Facebook And Google Join Internet-Wide Day Of Action Battle To Protect Net Neutrality

You might think that an agency such as the Federal Communications Commission would exist for no other reason than to protect consumers, but that hasn't proven to be the case at all when it comes to our online rights. You might be tired of hearing about net neutrality - and we couldn't even blame you - but now more than ever, we can't let down our guard.

To reiterate what net neutrality is supposed to do: it's to treat our internet access as a Title II utility, classifying it the same way our phones and power are. That is to say that companies can't charge whatever they want for whatever they want - there are guidelines. And for companies like Verizon and Comcast, they feel that those guidelines are too much.

FFTF Net Neutrality

Simply put, if big companies get their way and net neutrality is abolished, competition isn't going to be enough to keep costs low. It might sound outlandish to believe that you'd ever have to pay extra each month to access a certain part of the web (eg: streaming video, social networks), but it is the reality. Try to imagine that reality... what you see won't look good.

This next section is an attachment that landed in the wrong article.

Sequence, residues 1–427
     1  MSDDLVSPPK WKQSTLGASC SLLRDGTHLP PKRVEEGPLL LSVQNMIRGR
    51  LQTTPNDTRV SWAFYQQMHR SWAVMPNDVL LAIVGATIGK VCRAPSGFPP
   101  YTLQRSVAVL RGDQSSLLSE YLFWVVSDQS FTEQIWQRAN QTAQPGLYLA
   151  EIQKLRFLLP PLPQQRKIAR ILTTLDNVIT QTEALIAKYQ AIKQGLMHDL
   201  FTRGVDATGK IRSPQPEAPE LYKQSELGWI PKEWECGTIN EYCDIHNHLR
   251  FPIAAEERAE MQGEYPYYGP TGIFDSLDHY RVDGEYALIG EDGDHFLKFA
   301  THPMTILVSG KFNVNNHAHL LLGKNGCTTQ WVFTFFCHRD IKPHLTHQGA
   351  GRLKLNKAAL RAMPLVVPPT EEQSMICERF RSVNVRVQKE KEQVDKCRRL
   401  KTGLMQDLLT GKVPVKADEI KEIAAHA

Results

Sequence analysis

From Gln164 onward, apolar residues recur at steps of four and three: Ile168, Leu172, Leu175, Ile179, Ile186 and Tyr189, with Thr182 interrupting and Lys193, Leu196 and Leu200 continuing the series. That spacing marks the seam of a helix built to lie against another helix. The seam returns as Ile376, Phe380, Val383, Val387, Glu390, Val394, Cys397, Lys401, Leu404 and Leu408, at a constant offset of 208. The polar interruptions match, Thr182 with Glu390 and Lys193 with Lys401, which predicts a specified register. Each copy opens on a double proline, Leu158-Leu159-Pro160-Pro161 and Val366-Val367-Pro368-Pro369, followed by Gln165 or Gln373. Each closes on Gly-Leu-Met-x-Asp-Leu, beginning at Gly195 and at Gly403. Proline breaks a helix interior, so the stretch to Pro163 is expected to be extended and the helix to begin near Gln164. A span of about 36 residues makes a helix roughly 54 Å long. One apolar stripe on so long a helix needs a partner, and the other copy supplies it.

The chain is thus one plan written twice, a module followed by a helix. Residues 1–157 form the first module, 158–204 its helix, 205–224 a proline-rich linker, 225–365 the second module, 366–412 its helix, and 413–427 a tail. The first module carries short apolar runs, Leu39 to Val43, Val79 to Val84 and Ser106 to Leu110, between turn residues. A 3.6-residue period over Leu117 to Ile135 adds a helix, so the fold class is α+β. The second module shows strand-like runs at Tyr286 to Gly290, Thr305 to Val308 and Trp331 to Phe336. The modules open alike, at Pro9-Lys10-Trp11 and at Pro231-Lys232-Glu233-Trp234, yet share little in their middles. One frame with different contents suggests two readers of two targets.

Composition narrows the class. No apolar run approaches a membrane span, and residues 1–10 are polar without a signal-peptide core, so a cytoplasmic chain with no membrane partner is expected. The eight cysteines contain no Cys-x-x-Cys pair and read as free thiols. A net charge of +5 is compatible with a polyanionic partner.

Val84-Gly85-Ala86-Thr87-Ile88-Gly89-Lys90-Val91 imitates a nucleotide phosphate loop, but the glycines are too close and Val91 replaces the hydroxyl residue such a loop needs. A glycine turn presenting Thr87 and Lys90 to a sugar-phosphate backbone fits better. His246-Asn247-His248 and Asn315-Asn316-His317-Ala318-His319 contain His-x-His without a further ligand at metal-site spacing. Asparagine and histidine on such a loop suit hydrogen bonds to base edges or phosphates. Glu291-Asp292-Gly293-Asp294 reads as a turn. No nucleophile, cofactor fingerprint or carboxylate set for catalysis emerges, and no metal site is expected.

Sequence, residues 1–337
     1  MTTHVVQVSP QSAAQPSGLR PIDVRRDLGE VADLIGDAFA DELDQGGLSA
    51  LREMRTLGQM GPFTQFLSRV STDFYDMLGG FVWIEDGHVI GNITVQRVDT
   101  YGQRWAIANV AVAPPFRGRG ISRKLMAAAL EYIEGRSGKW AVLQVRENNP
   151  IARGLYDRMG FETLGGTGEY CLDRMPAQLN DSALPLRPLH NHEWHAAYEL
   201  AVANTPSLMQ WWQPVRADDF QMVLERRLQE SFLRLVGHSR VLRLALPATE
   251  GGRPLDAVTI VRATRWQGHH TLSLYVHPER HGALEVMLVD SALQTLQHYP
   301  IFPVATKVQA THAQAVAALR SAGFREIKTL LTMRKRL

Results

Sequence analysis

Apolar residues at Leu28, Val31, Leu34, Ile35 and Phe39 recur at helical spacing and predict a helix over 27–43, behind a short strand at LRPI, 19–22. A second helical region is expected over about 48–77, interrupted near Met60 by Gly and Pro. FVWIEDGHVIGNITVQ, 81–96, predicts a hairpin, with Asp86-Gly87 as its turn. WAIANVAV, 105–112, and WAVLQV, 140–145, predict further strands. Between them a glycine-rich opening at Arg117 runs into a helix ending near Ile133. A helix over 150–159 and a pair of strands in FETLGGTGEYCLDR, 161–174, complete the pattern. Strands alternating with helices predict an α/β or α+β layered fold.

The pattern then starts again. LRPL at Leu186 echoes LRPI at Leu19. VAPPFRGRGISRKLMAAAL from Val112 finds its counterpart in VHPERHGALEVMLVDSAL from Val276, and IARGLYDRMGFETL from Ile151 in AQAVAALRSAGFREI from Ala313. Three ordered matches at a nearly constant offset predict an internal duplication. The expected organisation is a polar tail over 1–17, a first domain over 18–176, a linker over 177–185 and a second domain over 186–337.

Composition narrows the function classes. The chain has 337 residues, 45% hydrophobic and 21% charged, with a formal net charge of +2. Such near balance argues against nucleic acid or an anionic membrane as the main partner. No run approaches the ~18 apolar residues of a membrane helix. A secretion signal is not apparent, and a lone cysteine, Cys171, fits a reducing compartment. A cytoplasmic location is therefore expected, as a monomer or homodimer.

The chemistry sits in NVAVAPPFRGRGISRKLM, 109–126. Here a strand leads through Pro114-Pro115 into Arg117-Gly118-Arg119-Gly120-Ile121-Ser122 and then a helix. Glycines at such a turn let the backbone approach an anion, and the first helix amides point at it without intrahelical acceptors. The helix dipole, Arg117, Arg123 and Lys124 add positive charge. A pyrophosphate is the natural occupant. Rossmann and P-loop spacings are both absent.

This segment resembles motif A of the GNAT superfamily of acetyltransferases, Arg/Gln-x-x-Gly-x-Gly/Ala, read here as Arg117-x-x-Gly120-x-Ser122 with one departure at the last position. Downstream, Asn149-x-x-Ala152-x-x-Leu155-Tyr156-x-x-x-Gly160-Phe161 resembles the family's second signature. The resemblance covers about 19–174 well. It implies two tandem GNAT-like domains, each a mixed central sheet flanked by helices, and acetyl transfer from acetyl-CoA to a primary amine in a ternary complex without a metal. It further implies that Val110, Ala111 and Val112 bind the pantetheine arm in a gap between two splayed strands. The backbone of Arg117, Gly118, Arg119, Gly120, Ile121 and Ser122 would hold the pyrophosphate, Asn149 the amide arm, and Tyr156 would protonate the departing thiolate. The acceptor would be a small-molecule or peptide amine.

While outgoing FCC Chairman Tom Wheeler was eager about getting net neutrality laws in place, his successor Ajit Pai wants nothing more than to undo that work. It's no surprise that Pai is a former Verizon executive, and he proved to be an immense roadblock to Wheeler before net neutrality laws finally passed in 2015.

A huge problem that's tied to this fight is the fact that most people still don't understand what net neutrality is, and that assumes that they've ever even heard the term before. For us tech geeks, we might be tired of hearing about it, but many haven't even heard of it in the first place. For that reason, July 12 is going to be a very standout day for the internet.

FCC

Through a campaign called Fight for the Future, many websites will be making simple moves to ensure that as many people understand net neutrality, and the risks of it disappearing, as possible. That includes the likes of Amazon, Kickstarter, SoundCloud, GitHub, reddit, Digital Ocean, Imgur, Linode, Mozilla, among many others. Most recently, Google and Facebook have joined the list, and at last check, both companies are kind of a big deal.

On July 12, you may experience a pop-up at select websites that help draw your attention to net neutrality. The goal is to display this message to each user only once, so as to not annoy, although you may still see it once on multiple websites. Even if it is a little annoying, it's all being done to ensure that the future of our web is as it should be: free, and open, without corporations meddling in our affairs or hitting us with nonsensical charges.

It's not clear what Facebook and Google's exact plans are, but it goes without saying that whatever they are, the message should get across, given their extreme reach.


Show comments blog comments powered by Disqus